Leopard hunted in Central African Republic with Rudy Lubin Safaris

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    Leopard hunted in Central African Republic with Rudy Lubin Safaris

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    Leopard hunted in Central African Republic with Rudy Lubin Safaris

    Guy's 7th Safari With Me in the C.A.R.
    by PH Rudy Lubin

    When my faithful Belgian hunter Guy said he wanted return to the C.A.R. with me in 2012 for the 7th time in 15 years, I asked what for? He had already taken every possible species with me Lord Derby eland, lion, bongo, sitatunga, C.A. savanna buffalo and some of them twice!

    "I want to come in February and take a great eland with a dark dewlap and mane," he said. His first eland, whose horns had measured 51 3/4 inches (SCI), had been taken on an April when hunting results are the same, in terms of success, but without the early season dewlap. "And I want to take one of those big C.A.R. leopards and one can never hunt buffalo too many times," he said. Unfortunately, American hunters cannot import leopard into the States.

    Guy is a skilled and determined hunter, but St. Hubert's luck was on his side on Day Five, when he shot this wonderful trophy eland with deeply curved 52-inch horns and a good dewlap. We had found three-day-old tracks of a big herd. If not disturbed, a herd stays in the same area for three or four days. Soon the tracks of two bulls peeled off from the herd and those then became the fresh tracks of a single big male.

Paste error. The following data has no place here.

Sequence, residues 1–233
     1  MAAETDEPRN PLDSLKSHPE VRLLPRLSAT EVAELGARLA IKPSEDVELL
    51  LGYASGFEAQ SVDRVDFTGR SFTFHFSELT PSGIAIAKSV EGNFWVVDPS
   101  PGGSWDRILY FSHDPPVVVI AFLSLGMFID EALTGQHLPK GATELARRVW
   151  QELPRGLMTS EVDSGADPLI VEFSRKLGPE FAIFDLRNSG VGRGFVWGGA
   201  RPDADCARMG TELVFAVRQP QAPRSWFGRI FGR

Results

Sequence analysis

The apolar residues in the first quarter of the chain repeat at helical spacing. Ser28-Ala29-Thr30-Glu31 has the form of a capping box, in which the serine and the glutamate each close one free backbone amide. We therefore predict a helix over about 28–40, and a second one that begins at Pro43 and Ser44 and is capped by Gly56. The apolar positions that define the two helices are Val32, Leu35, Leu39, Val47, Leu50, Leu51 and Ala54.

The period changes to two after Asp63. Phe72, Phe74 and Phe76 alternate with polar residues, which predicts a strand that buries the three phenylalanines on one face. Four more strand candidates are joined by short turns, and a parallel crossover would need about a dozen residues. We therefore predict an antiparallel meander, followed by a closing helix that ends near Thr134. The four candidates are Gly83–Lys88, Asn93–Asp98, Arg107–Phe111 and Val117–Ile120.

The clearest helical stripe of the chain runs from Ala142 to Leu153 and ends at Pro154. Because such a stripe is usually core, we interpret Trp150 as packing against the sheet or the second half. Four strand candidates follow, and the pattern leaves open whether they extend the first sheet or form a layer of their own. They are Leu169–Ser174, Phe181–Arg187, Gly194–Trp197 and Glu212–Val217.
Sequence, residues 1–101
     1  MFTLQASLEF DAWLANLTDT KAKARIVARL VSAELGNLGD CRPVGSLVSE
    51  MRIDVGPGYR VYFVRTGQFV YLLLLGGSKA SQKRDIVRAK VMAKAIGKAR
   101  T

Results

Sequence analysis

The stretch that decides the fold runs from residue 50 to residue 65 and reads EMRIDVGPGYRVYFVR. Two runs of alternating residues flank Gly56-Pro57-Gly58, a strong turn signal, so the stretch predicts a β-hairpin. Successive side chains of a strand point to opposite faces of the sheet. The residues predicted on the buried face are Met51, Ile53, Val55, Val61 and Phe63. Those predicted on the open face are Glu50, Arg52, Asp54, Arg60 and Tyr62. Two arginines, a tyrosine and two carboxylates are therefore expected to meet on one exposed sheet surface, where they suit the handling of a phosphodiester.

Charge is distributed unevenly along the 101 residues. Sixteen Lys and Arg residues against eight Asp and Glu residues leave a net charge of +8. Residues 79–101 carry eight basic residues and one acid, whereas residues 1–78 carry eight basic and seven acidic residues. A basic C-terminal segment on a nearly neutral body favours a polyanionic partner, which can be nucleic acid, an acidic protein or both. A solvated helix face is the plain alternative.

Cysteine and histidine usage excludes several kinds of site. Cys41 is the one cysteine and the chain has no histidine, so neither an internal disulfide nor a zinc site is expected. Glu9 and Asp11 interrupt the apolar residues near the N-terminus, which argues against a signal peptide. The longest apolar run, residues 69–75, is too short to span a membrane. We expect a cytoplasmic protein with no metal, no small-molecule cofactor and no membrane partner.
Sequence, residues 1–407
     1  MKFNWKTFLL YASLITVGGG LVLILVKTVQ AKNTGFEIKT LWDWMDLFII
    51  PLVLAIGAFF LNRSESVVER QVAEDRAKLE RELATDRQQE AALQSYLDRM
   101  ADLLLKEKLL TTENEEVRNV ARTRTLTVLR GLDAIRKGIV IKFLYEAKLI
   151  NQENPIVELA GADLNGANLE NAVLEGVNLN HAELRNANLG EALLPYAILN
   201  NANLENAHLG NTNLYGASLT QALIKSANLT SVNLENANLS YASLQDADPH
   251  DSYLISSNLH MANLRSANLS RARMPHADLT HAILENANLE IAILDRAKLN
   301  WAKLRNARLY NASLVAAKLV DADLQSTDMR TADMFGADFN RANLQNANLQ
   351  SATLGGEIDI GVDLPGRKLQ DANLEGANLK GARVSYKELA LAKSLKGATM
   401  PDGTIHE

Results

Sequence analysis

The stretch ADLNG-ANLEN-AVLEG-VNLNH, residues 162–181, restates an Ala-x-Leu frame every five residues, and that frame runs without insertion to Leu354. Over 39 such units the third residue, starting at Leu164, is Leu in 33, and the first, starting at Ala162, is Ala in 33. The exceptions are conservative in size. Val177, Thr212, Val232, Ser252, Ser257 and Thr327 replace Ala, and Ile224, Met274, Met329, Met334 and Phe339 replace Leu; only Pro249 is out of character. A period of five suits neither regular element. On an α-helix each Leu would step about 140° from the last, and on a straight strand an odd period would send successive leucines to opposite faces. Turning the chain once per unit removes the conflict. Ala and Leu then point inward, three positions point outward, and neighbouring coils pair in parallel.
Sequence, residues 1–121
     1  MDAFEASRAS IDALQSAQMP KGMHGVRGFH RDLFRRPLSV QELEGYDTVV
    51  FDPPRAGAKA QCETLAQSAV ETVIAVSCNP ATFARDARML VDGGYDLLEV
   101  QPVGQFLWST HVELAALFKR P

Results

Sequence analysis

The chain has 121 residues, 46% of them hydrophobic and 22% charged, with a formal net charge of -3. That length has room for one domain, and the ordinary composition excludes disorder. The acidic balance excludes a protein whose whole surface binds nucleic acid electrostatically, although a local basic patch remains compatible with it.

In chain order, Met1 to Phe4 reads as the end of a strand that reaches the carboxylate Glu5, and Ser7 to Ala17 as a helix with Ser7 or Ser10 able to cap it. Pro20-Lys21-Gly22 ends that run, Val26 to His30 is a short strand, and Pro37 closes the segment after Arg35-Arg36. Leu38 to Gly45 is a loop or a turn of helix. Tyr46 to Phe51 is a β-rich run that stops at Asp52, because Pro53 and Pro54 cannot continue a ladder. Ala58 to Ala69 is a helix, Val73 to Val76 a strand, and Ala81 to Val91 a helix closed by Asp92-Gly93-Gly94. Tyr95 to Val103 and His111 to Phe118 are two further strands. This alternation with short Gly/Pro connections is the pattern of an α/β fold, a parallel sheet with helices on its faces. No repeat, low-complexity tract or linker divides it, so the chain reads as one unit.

While hunting eland, we had begun hunting baboons for leopard bait and had hung several in spots that had previously produced good leopard, as well as a place along the riverine forest that just smelled leopard to me a place where I had seen tracks of a wandering tom, but a place where you would not want to follow up a wounded leopard.

    After two days, we had a bite. We settled down in the blind around 15.00 and waited. Like clockwork, just before dark the leopard succumbed to the temptation of an easy meal. Boy was I happy when Guy and his Blaser .416 Remington did their jobs, too, especially after we had just watched a video on his computer of a leopard mauling in Zimbabwe, right after lunch before going to the blind. Or maybe it was a good warning to us both about what can happen when your client does not shoot his leopard properly.

    Anyway, he was a huge and heavy cat with an enormous skull 27 cm x 15.5 cm exactly what Guy had been dreaming about.

    We now had plenty of time to tackle buffalo, which we always like hunting together, with time to spare for sundowners.

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